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Development Of Reason And Will





Later still, when the child is older, we may have somewhat the following
mechanism: "Sweets, good, want, taste; spank, hurt; don't care, spank
not hurt much, maybe never found put, sweets very good."

Now the child is reasoning and choosing between two courses of action,
don't and do. His decision will depend upon whether immediate
satisfaction of desire is stronger than the deferred satisfaction of
being good, and the fear of punishment. He probably prefers to take a
chance, and even if the worst comes, weighs it with the other worst, not
having the sweet--and takes the "bird in the hand." He has reasoned, and
has chosen between two emotions the one which his judgment says is the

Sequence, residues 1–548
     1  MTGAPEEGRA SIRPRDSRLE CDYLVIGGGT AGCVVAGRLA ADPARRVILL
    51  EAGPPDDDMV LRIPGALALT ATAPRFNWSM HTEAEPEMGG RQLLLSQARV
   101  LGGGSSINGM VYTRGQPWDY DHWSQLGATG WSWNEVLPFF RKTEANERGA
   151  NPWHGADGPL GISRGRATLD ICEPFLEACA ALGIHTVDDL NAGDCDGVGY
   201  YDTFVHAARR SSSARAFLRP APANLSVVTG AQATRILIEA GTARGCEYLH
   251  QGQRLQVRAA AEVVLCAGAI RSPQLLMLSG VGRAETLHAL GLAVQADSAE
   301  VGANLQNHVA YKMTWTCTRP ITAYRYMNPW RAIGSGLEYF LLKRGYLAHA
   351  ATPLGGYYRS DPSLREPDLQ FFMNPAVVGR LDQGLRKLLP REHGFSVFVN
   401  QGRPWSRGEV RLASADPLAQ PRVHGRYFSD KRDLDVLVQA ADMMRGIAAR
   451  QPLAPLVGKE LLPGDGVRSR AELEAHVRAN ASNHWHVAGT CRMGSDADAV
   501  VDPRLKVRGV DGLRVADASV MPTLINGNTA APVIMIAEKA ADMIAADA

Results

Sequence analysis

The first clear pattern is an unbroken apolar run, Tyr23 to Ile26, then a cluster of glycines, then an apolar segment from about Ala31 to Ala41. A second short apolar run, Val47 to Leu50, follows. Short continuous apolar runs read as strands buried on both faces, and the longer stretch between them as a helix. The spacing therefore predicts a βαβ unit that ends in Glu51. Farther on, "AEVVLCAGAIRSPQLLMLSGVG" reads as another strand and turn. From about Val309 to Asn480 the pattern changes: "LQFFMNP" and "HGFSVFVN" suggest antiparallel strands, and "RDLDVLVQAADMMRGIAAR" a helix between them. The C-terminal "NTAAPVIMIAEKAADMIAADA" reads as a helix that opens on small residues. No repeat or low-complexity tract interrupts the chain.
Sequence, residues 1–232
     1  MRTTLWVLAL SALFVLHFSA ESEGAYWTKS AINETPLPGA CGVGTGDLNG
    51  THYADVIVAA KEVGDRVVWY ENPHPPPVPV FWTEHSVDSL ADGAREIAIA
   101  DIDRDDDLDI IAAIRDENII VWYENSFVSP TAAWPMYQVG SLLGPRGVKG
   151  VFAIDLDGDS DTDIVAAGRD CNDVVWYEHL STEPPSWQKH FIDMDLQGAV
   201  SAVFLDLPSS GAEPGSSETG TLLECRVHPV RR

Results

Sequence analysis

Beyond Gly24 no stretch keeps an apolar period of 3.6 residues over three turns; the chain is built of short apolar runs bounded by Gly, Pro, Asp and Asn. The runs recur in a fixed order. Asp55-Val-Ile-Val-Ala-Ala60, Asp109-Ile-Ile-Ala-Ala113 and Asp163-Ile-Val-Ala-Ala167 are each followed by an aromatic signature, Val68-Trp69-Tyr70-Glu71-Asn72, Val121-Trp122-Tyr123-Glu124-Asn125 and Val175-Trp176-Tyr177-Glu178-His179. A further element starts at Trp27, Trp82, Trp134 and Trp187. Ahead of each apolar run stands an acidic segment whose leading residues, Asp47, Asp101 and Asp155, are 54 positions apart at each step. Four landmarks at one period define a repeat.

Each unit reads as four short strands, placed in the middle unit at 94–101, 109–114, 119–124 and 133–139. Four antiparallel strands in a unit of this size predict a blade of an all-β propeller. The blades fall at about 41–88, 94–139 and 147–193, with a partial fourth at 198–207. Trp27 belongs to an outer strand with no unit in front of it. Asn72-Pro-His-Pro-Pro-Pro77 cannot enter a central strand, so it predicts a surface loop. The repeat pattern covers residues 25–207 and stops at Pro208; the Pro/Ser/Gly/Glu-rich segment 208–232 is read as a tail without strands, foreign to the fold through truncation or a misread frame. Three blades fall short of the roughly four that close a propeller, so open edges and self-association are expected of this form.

more desirable; and his will carries out the decision of his reasoning.
His chief end in life is still to get the most immediate pleasure. Still
later in child-life, much later, perhaps, his decision about the jam is
based on neither love of it nor fear of punishment, but--despite his
still sweet tooth--on a reasoned conclusion that if he eats jam now he
may be sick, or he may spoil his appetite for dinner; or on a
consideration that sweets between meals are not best on dietetic
principles; and will very readily backs up the result of his
reasoning. Though his determination is largely based upon feeling,
reason has chosen between feelings, between immediate desire to have,
and desire to avoid future discomfort. Reason is triumphant over present
desire.





Next: Judgment

Previous: The Beginning Of Reason



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